6. The Hands of Hans – The most bizarre moment of the whole 2-day course happened when one of the trainees, a qualified Physical Education teacher, presented one of his favourite team-building exercises. We were all required to form a circle and join hands. Then, we had to twist around so we become a tangled web of interlinked arms. Our task was to reform the circle without letting go off anybody’s hands. Perhaps not the greatest activity for recycling financial terminology but a great energizer.

Buying a lemon
Buying a lemon

7.  Selling  lemons – In British English, we can talk about buying a lemon,, which means we have purchased something broken or worthless. For this activity, we were shown pictures of ridiculous gadgets and asked to prepare a sales pitch to impress potential investors. We had to do a lot of lateral thinking to work out what the products could be used for, which was great for developing our creative muscles. A challenging and fun activity for viewers of The Dragon’s Den.

8. Rumours of Cutbacks – The next activity was based on an all-too-real scenario. We were split into two groups and given role cards as employers or employees. The staff had heard rumours of staffing cutbacks and were afraid they were about to lose their job. An emergency meeting had been called to find out the truth. For the employers, this was an exercise in putting a positive spin on an unfortunate situation. For the employees, it was an exercise in weeding out the truth. Not sure I would do this activity with a group of students from the same company though!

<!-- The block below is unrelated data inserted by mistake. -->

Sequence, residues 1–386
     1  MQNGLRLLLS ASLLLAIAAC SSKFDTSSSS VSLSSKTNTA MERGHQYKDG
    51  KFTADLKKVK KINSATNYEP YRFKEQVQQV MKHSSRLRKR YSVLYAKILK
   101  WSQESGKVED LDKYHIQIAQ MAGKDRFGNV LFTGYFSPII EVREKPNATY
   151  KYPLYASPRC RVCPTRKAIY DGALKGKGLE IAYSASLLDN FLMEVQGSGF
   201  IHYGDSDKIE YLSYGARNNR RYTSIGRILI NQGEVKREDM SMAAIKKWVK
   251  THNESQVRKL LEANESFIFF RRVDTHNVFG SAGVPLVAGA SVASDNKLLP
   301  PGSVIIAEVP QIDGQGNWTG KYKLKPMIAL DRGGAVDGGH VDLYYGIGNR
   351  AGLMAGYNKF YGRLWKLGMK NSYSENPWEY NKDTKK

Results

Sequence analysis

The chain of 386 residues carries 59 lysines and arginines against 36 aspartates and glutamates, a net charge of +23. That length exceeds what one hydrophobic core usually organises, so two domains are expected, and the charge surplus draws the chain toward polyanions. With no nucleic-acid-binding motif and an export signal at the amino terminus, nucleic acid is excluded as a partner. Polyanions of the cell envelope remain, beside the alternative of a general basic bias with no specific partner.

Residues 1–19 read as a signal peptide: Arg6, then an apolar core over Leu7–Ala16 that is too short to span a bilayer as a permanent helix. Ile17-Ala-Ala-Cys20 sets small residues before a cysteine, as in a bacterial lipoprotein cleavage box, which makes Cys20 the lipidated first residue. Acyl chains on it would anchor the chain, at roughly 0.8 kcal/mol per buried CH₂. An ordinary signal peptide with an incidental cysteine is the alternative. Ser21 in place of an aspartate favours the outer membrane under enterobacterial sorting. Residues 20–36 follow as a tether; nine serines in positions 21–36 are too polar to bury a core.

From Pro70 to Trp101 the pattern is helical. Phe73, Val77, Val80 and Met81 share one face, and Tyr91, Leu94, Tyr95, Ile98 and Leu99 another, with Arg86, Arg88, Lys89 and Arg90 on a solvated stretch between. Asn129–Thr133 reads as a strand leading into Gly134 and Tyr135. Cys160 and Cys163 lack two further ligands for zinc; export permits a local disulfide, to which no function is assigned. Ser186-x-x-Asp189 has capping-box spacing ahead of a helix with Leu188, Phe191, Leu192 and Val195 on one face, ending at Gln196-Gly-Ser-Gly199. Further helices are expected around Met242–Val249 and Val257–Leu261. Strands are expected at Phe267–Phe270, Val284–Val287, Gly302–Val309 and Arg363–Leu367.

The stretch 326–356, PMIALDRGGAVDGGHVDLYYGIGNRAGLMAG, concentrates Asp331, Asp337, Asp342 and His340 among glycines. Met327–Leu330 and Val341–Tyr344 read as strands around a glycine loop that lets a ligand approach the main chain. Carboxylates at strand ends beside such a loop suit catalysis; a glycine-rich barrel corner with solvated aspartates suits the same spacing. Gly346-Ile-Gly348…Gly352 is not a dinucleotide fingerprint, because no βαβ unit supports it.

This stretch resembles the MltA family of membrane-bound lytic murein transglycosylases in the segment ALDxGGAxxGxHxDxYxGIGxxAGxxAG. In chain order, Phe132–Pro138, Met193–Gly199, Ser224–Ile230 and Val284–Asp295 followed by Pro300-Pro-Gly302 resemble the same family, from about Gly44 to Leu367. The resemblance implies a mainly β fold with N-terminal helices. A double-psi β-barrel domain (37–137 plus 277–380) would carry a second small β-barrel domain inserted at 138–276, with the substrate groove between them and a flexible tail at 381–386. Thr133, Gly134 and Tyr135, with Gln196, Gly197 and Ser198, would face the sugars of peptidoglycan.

9. Spot the Lies – There is an old BBC TV show named Call my Bluff which is played in many TEFL classrooms around the world. This game works extremely well with Business English students who know or need to learn some specific job-related vocabulary. Students are given an unusual word with three definitions: one true and two false. They read out these definitions to the rest of the class who try to identify the correct one. Great for practising how to keep a poker face and it can be made more challenging if you ask the students to choose their own words and create their own false definitions.

boss's wife
Mrs Smith, your husband is the worst boss I’ve ever had! More wine, please.

10. Small Talk Circles – The final activity got us all out of our chairs again. We were asked to form an inner and an outer circle with the inner circle people facing outwards and the outer circle facing inwards so we had to look another person straight in the eye. The trainer then asked us to imagine we were sitting or standing next to the person we were facing. Then, we were presented with a scenario, such as The person facing you in the inner circle is the boss’s wife, make small talk with her, and asked to improvise a conversation.  We only had 30 seconds to interact before the teacher clapped her hands and the inner circle revolved, meaning we were facing a new partner.The teacher then gave us a different scenario in which we had to quickly strike up a conversation. An excellent activity for developing fluency in social interactions.

Hope you get the chance to try some of these activities with your General English or Business English students. Maybe you have some other ideas you’d like to share.